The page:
EDR8005 Discourse Analysis
|EDR||8005||2, 2010||WEB||Discourse Analysis||1||Toowoomba|
|Student contribution band:||National Priority Teaching|
- Reference materials
- Student workload
- Assessment details
- Important assessment information
- Assessment notes
- Other requirements
- Production date
- PDF version
STAFFINGExaminer: Ann Dashwood
Moderator: Robyn Henderson
A sound understanding of how to apply principles and practices of research design and analysis to spoken and written discourse is expected of professionals in a range of fields within applied linguistics and education. Further, systematic study of the nature of language communication requires access to and implementation of appropriate procedures for effective and ethical standards of research. This course is intended to provide those involved in communities of second language use with the foundations needed to generate, analyse, and evaluate data through the development of contemporary discourse analysis research.
This course introduces students to methodological approaches to the analysis of language. Social and cultural contexts in which written and spoken texts occur provide the focus of the study. The means of analysing discourse structure and markers of coherent written texts will be examined. Naturally occurring language among first language speakers and between native and non-native speakers in classroom and community contexts will be analysed. In planning a discourse analysis project, students will select and apply research schema and techniques to a specific cultural setting or language community.
The course objectives define the student learning outcomes for a course. The assessment item(s) that may be used to assess student achievement of an objective are shown in parenthesis. On completion of this course students will be able to:
- demonstrate understanding of principles underlying coherent interaction in discourse (Analysis: Transcription and annotated text)
- articulate critical elements in the conduct of spoken and written research (Analysis: Transcription and annotated text)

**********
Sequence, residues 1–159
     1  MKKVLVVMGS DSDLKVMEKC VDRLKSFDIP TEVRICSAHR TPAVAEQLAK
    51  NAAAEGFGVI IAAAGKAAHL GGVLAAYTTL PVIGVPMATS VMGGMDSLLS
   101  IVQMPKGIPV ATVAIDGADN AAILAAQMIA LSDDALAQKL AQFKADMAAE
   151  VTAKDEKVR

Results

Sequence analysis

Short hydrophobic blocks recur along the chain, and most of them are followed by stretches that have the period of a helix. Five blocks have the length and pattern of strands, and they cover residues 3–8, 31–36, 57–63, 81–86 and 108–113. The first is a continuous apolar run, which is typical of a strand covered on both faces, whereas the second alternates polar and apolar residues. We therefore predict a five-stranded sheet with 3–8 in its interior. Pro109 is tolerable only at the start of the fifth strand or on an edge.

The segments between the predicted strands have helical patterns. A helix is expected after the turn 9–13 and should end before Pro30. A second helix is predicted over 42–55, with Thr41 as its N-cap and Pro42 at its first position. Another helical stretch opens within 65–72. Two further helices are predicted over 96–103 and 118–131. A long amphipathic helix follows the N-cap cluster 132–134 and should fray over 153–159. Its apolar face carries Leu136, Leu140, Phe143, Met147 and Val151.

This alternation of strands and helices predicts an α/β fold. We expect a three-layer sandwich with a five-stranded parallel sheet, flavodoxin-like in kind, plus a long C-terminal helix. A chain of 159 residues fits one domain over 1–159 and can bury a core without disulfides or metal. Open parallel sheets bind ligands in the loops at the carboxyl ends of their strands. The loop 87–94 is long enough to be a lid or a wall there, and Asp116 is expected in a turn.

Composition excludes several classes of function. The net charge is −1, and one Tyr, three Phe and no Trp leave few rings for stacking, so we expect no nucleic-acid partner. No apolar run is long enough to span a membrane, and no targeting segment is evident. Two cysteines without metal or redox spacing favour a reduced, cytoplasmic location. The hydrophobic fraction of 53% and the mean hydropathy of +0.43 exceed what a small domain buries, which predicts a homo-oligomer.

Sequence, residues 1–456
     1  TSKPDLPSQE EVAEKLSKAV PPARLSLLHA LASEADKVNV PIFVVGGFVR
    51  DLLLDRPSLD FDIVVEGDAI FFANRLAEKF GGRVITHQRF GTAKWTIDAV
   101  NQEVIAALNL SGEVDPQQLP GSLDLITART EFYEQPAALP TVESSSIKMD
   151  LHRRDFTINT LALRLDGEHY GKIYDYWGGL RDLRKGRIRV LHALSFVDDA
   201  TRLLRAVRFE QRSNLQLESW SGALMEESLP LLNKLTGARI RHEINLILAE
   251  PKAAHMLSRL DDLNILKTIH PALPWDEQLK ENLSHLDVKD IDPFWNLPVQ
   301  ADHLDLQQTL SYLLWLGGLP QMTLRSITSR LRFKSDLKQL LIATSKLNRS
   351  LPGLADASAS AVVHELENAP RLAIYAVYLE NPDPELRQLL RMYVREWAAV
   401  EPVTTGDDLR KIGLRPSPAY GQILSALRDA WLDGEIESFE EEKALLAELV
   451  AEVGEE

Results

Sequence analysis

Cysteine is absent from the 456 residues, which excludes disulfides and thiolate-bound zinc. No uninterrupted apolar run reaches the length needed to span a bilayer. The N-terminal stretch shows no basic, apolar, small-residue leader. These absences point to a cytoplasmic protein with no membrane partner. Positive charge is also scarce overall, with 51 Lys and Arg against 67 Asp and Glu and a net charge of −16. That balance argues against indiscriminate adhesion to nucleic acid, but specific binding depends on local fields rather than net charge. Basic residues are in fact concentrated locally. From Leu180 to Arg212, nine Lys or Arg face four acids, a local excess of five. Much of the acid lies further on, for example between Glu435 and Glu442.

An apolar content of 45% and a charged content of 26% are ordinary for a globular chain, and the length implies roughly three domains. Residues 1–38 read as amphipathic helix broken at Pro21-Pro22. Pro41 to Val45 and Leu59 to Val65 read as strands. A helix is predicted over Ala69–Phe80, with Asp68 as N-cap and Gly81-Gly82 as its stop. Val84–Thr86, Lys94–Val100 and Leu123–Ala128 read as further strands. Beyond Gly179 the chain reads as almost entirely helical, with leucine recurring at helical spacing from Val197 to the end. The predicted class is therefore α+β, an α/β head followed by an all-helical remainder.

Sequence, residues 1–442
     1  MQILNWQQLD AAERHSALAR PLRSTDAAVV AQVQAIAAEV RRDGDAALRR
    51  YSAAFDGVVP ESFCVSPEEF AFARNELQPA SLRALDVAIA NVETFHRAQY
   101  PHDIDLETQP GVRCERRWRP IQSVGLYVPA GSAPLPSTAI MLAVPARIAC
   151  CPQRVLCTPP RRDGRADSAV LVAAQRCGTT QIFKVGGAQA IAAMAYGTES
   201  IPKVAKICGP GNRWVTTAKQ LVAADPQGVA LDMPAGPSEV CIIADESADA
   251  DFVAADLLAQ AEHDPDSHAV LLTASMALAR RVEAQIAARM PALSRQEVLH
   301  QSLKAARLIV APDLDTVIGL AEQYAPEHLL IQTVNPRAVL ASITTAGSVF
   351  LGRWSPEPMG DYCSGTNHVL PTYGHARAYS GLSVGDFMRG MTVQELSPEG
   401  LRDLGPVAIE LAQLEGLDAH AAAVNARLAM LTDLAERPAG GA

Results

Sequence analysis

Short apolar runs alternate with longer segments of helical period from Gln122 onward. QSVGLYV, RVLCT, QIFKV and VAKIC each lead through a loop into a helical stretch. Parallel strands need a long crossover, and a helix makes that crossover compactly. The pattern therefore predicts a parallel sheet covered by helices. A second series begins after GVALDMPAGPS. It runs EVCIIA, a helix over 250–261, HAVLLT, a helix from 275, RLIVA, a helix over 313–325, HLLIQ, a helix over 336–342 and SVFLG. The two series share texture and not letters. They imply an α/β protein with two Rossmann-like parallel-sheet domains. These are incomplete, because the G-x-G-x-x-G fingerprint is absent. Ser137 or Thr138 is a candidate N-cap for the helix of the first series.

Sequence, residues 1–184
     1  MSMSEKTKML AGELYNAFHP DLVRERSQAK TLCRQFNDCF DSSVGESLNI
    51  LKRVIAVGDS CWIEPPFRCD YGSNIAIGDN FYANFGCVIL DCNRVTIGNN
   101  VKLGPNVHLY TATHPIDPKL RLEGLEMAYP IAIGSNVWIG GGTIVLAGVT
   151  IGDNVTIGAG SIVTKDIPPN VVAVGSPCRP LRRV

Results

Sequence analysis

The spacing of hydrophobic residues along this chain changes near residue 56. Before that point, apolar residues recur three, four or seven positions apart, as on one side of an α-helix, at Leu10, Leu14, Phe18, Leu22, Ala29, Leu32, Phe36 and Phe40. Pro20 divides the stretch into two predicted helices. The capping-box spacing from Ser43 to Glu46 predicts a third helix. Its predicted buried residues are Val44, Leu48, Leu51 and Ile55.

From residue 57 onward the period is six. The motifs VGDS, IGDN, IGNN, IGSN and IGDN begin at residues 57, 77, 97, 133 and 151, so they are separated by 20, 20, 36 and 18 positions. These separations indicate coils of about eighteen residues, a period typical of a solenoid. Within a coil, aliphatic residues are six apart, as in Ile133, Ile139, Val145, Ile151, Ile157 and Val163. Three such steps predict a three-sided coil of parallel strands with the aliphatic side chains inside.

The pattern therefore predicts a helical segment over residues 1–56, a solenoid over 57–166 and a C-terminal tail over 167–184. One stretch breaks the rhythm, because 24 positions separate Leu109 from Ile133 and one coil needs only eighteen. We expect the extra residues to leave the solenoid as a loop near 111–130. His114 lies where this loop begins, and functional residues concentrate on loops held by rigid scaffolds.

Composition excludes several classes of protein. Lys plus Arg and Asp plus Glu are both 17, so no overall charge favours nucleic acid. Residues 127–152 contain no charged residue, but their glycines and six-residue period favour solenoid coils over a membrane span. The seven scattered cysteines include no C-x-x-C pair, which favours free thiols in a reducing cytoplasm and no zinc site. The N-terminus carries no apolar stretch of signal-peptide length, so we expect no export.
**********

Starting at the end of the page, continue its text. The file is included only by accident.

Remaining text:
- develop a conceptually based viewpoint about participant identity in the context of discourse analysis and pragmatic understanding in research (Critical essay)
- choose and develop a research method appropriate to a particular discourse problem or question (Analysis:Transcription & annotated text and Critical essay)
- explicate appropriate techniques for data collection (Analysis: Transcription & annotated text and Critical essay)
- identify appropriate procedures for the analysis of data (Analysis: Transcription & annotated text and Critical essay)
- demonstrate competence in the use of scholarly language and literacy appropriate to the doctoral level (Analysis:Transcription & annotated text and Critical essay).
|1.||Theoretical challenge of contrastive views on discourse in social and cultural research
|2.||Means of analysing spoken and written texts in context
|3.||Elements of discourse analysis research
|4.||Justification for research designs
TEXT and MATERIALS required to be PURCHASED or accessed
ALL textbooks and materials are available for purchase from USQ BOOKSHOP (unless otherwise stated). Orders may be placed via secure internet, free fax 1800642453, phone 07 46312742 (within Australia), or mail. Overseas students should fax +61 7 46311743, or phone +61 7 46312742. For costs, further details, and internet ordering, use the 'Textbook Search' facility at http://bookshop.usq.edu.au click 'Semester', then enter your 'Course Code' (no spaces).